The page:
There are lots of 2011 recap lists circulating the Internet but the one you are about to read comes from a different perspective: a college student's! There were many interesting events that occurred this year that involved colleges – here’s to the lessons we’ve learned this year...and the lessons ahead of us!
Occupy Wall Street: This nationwide protest had great appeal to college students, who have expressed their frustrations at rising tuition costs and the amount of debt students are accruing. Students participated in walkouts in November to express their unity with the movement and also faced off with police. (I’m sure no one will forget the UC Davis pepper spraying photo and its viral impact any time soon.)
Controversy: Controversy has swept colleges by storm in the latter half of this year with scandals occurring at both Penn State and Syracuse University. While these stories raised many concerns amongst parents and students, it also increased the sense of community and unity amongst the students at these schools and beyond. This was illustrated best by a building on the Penn State campus sporting an adaptation of their classic “We are Penn State!” chant: Following the controversy surrounding the football program, the building now reads “We are still Penn State!” showing that despite recent incidents, students are still proud to be Nittany Lions.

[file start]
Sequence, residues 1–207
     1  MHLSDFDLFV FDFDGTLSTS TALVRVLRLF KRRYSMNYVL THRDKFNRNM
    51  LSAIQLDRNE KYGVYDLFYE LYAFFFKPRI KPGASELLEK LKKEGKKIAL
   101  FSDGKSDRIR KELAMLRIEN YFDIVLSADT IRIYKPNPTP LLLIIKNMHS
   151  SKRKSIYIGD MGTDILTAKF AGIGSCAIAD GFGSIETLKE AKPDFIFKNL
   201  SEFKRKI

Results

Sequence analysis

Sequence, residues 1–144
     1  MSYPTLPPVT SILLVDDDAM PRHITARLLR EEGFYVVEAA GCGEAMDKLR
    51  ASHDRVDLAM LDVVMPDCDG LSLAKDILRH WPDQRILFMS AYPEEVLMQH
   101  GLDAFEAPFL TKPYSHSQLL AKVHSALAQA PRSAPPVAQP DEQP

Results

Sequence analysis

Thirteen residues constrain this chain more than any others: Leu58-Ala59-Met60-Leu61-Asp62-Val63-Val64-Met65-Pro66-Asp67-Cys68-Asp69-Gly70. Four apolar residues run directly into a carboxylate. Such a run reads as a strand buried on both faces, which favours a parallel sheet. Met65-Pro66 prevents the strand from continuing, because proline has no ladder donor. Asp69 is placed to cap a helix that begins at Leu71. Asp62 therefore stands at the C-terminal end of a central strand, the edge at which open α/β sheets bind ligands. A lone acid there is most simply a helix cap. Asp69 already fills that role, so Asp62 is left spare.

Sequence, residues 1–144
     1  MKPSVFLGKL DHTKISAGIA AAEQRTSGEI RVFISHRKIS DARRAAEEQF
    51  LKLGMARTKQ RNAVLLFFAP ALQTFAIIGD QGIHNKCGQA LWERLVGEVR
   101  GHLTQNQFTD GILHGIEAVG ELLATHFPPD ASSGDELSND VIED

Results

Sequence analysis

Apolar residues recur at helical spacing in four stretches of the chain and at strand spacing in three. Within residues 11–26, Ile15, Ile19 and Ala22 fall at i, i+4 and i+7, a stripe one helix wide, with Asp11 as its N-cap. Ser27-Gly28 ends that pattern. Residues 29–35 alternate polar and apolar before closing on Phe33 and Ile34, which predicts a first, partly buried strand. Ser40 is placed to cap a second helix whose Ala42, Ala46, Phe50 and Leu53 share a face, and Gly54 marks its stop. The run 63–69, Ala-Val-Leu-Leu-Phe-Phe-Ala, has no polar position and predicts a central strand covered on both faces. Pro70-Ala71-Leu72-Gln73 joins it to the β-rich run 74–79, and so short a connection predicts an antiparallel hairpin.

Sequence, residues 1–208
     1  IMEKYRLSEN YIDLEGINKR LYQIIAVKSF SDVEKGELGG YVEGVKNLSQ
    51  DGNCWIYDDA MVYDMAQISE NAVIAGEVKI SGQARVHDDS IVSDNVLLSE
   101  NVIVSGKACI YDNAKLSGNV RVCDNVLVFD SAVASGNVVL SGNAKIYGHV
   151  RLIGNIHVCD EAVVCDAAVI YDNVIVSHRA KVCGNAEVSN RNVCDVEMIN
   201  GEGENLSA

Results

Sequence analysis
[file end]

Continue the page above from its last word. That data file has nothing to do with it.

Achievements: College students around the country - including you! - have been accomplishing great things all year long. Whether it was passing a tough class, being awarded a scholarship or scoring an amazing internship, the things you’ve achieved this year contributed to the overall scope of college life in 2011. Surely, your accomplishments will continue on and play a role in making 2012 a happy, healthy, successful year for us all.
Have something to add? Let us know which events were important on your campus this year!
Angela Andaloro is a junior at Pace University’s New York City campus, where she is double majoring in communication studies and English. Like most things in New York City, her life and college experience is far from typical – she commutes to school from her home in Flushing and took nearly a semester’s worth of classes online – but she still likes to hang out with friends, go to parties and feed her social networking addiction like your “average” college student.
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